By: Roxanne St. Claire
Hello, fellow writers. Welcome to month five of my twelve-step revision course. Over the past four months, we’ve tackled the easy stuff. (Not that anything about revising a manuscript is easy!) Once you’ve handled the quick fixes I described in early articles, it’s time to take a harder look at your scene. I have developed a list of ten tough questions to ask yourself after you finish every scene. This month, we’ll look at five of them and finish the questions next month.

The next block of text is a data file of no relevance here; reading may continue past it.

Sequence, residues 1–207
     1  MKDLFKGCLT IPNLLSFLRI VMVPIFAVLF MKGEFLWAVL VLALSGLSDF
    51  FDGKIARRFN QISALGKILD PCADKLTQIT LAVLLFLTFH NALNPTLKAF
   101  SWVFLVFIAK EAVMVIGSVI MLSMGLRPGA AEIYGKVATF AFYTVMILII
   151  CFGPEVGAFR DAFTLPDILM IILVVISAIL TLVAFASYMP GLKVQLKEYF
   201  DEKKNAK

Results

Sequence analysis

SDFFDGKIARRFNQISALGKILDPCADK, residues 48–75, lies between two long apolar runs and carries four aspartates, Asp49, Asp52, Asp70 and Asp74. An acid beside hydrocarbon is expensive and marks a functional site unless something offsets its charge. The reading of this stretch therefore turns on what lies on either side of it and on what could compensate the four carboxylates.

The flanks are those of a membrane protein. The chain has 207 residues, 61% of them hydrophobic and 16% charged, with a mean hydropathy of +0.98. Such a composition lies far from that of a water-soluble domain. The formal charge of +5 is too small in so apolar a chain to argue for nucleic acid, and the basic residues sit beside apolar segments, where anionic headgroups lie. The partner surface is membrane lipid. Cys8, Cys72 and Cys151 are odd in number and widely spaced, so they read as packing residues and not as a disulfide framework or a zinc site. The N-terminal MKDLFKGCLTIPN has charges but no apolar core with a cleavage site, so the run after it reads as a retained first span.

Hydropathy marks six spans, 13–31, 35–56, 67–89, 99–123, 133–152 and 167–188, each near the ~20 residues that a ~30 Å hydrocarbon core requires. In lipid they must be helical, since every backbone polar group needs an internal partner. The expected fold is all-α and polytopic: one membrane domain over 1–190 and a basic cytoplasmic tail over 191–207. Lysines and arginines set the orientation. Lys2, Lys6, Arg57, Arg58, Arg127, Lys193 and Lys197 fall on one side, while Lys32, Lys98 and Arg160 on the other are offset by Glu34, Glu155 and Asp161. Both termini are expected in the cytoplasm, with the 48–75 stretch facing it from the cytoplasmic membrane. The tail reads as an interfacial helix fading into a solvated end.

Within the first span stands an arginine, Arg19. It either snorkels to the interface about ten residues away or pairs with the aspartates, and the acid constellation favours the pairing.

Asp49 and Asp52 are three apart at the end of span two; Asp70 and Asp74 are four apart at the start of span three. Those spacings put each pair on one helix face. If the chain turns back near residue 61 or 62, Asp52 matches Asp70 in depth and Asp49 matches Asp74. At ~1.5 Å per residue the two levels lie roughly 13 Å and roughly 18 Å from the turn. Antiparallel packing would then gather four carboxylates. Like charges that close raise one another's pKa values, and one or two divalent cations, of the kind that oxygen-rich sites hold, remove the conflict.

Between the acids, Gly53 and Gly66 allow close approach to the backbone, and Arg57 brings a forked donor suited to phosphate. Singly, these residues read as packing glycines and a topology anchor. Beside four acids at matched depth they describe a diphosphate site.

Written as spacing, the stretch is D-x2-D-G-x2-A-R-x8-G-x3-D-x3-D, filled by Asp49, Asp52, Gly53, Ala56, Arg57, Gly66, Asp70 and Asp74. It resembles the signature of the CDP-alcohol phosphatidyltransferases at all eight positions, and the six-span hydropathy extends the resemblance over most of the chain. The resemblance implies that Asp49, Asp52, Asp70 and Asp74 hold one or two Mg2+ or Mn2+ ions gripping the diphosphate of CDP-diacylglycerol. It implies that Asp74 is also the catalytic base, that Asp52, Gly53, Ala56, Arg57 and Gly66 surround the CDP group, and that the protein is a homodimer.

What does the character want when the scene starts, and how are things worse when it ends? In every scene, the main character (mostly likely the point-of-view character) needs to have a goal. It can be huge (save a life) or mundane (get across the room without talking to someone) or psychological (change another character’s mind). Whatever it is, you need to know that goal before you start writing, and the reader should recognize what it is a few lines into the scene. By the end of the scene, one of two things should have happened: (1) the goal was accomplished and that presents a whole new problem, or (2) the character failed and that sends things even further south. Either way, things need to get worse before they get better.